After mad cow disease and foot and mouth, livestock farmers are bracing themselves for another major animal health problem.

Scientists are warning that a hot summer could bring the bluetongue virus to the UK for the first time ever, with disastrous consequences for farmers.

Efforts to prevent the disease spreading would stop animals being moved from one region to another, according to Catherine McLoughlin, policy adviser on animal health and welfare at the National Farmers' Union. And because the disease is no threat to humans, any culling that was required would not receive compensation.

"There's no slack in the system, so it could prove disastrous for some farmers," she said. "Movement restrictions in the south east and south west could prevent store animals getting to finishers and finished cattle getting to abattoirs in other regions.

"The disruption to trade would be pretty horrible for our farmers and could have welfare implications for animals unable to get to pasture."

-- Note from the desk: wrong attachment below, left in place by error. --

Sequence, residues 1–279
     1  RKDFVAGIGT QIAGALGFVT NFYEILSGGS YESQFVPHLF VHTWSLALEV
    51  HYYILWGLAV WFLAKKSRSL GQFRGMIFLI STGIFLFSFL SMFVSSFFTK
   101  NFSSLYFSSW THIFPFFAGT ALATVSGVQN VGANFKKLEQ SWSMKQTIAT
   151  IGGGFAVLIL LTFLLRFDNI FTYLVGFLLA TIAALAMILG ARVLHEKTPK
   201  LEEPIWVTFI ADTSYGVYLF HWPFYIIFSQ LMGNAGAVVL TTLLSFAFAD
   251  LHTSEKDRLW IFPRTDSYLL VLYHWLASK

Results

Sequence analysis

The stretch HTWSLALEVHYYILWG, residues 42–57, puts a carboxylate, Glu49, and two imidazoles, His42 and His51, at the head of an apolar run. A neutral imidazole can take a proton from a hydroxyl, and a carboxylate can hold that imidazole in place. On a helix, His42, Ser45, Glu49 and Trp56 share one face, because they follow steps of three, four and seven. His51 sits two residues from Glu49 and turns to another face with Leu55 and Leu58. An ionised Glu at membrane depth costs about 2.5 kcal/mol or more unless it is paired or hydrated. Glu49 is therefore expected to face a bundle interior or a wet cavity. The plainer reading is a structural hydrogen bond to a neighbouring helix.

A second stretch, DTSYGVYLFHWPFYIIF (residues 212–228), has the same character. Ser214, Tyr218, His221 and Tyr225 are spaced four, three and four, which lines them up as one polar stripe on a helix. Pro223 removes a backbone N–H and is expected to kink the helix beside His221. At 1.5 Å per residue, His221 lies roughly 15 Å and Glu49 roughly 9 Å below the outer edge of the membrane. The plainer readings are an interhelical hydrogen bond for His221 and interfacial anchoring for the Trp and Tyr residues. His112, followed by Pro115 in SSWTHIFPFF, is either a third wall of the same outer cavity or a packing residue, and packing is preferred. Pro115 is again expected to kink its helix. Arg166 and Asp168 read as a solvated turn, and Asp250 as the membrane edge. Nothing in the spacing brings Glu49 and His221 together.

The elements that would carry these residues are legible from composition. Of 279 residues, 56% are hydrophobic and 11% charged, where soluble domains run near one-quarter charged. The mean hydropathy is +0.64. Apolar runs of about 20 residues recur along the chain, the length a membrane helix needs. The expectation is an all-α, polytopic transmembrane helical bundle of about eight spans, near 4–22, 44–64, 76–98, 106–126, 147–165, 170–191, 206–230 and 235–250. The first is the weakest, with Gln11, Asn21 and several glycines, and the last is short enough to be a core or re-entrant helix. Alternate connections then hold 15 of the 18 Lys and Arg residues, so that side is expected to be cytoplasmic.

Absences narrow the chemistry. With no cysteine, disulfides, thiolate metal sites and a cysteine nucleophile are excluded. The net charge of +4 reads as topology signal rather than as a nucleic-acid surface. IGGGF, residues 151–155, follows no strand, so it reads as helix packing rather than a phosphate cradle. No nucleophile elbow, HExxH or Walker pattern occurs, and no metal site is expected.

NFU chief livestock advisor Peter King appealed for retailers to stand by British lamb and beef in the event of an outbreak. "They must not use it as an excuse to source product from


There are no implications for human health because infected sheepmeat doesn't enter the food chain, even though it looks and tastes the same as usual.

But in southern Europe where the virus is quite common, it can decimate sheep herds in weeks. Cattle also carry the disease, which is spread by infected midges, but they usually don't show symptoms.

Last year the disease got as far as Ostend in Belgium - just a short waft across the Channel from Kent for a midge. And if the summer is another hotter than average one, scientists say blue tongue could arrive and spread in the UK fairly easily.

Defra said it would come down hard on any outbreaks of the disease in an effort to prevent it spreading. It did not plan to resort to a mass cull, as in previous outbreaks, however.